Man 3-D prints his wife's tumour to help acquire a life-saving diagnosis | Patient | Scoop.it

3D designer Michael Balzer converted 2D MRI scans into a 3D model, 3D printed it, and circulated the print among specialists to secure a life-saving tumour diagnosis for his wife.

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Factors to consider when designing health tech for seniors

Factors to consider when designing health tech for seniors | Patient | Scoop.it
Mobile applications alone aren’t the answer.Simplicity and service are the keys to adoption.Focus on solving problems, not technology.Engage family members.Go direct to the consumer if you can. Understand that it’s still early, and be patient.
Andrew Spong's insight:

A refreshingly sensible list of criteria, for once

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kamagrahilfe's curator insight, January 8, 5:33 AM

Kamagra online Deutschland mit kostenlosem Versand

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Is this the digital health revolution?

Is this the digital health revolution? | Patient | Scoop.it

"When living with chronic disease, one of the least exciting innovations to float to the surface, in my opinion, is a shiny new app requiring more effort than it’s worth..."

Andrew Spong's insight:

I'm hoping to find the time to write an end-of-year blog post before the holiday shutdown. If I do, this theme will certainly feature.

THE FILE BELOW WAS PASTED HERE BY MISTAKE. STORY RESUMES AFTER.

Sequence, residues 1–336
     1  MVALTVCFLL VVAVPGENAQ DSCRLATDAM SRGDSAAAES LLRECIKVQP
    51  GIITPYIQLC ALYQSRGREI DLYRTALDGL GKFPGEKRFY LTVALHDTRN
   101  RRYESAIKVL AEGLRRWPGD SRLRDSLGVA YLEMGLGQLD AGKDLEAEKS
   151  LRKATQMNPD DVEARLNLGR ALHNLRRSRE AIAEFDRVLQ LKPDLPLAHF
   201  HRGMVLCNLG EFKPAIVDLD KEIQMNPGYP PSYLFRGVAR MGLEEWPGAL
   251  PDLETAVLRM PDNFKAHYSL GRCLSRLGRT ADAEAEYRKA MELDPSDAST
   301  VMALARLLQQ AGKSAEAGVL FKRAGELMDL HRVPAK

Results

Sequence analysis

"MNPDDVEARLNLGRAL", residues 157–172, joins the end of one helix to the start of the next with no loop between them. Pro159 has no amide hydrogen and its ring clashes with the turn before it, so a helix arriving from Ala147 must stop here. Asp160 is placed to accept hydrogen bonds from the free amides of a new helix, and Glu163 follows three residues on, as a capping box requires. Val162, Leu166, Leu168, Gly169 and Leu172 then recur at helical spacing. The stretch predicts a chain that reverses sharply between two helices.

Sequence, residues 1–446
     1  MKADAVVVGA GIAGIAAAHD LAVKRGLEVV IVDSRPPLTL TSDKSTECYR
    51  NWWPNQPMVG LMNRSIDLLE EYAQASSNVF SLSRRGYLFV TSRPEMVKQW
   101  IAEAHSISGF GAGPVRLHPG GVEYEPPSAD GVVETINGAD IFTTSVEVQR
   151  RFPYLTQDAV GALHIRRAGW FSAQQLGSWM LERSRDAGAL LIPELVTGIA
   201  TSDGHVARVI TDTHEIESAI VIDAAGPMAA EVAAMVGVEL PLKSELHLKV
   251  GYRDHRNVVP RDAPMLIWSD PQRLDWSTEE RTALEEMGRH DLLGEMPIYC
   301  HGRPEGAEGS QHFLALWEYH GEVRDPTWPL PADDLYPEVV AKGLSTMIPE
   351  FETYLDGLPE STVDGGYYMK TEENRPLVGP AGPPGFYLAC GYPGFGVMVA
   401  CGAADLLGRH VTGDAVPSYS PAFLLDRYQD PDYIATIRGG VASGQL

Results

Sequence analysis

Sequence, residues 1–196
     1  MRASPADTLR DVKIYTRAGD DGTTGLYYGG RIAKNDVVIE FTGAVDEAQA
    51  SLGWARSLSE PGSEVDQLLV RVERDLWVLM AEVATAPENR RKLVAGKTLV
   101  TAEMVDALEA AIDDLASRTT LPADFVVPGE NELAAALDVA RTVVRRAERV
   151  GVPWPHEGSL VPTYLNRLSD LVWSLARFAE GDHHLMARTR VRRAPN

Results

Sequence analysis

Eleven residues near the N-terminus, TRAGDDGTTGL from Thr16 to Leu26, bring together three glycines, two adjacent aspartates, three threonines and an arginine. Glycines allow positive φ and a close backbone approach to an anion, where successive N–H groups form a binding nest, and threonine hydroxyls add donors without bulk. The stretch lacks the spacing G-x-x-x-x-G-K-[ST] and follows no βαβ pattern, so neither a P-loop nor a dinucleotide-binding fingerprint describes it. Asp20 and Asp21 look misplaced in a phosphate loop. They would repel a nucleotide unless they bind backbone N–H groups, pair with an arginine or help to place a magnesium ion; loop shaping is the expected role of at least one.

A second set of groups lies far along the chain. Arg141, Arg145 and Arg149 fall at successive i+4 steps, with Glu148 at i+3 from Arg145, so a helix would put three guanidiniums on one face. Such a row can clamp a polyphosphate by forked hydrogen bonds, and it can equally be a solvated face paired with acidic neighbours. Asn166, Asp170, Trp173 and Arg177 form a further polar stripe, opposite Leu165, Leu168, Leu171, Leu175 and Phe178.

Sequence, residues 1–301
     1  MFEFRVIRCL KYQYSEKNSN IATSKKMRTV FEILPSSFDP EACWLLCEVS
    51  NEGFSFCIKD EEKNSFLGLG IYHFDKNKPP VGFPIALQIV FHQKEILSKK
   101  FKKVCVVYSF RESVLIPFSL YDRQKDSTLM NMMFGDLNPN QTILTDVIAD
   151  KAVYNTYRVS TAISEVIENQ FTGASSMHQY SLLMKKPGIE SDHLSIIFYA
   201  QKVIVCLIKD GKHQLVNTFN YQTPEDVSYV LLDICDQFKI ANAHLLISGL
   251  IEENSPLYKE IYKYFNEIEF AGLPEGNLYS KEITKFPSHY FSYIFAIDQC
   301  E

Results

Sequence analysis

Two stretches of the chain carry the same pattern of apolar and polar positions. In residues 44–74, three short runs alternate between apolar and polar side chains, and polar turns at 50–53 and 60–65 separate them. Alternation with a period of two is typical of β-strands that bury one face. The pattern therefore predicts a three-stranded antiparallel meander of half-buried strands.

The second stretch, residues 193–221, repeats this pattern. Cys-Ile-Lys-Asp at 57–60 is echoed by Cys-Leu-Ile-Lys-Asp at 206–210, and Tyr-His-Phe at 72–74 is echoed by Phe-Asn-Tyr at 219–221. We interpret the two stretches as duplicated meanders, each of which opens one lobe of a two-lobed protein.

In essence: we are cursed to live in one of the most tedious ages healthcare has seen. The history of technological innovation is one of consolidation. Miniaturisation and acceleration are drivers of this change, but the motive force propelling it forward is the desire to aggregate functionality, not the fact that things get smaller and faster, which merely facilitate this.

 

There are interesting times ahead for health, but if we view success in terms of improvements in patient outcomes rather than health tech bubble funding rounds and out-of-control hype, this era does not qualify.

 

EDIT I wrote this: https://www.linkedin.com/pulse/five-new-years-resolutions-digital-health-andrew-spong

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Q&As from a Twitter chat with the Patient Centered Outcomes Research Institute (PCORI)

Q&As from a Twitter chat with the Patient Centered Outcomes Research Institute (PCORI) | Patient | Scoop.it

A summary of a recent Twitter chat with the Patient Centered Outcomes Research Institute (PCORI)

Andrew Spong's insight:

Clear intentions, less clear results.

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Wearable technology and digital health should shift focus to chronic illness

Wearable technology and digital health should shift focus to chronic illness | Patient | Scoop.it

At this point, there isn’t a viable or sustainable paradigm for monitoring and tracking the chronicity of care digitally

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IBM's Watson will give you health advice based on your DNA

IBM's Watson will give you health advice based on your DNA | Patient | Scoop.it
Maybe you have a fitness tracker. Maybe you've gotten your genome sequenced before. Probably your medical records are kept in electronic, instead of paper, form. Now some companies are seeking to combine all those things and more into a talking, personalized, health-advice app. Not sure when to give yourself your next insulin shot after having a croissant for breakfast? You can ask the app. How much exercise should someone with your genetic makeup be getting? The app will give you suggestions.
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Digital health belongs to the patient

Digital health belongs to the patient | Patient | Scoop.it

Digital health is bigger than a business model, but it is no more than an aspect of a matrix of economic, cultural, and social change which is difficult to map, let alone react to, due to the speed and scale of its growth.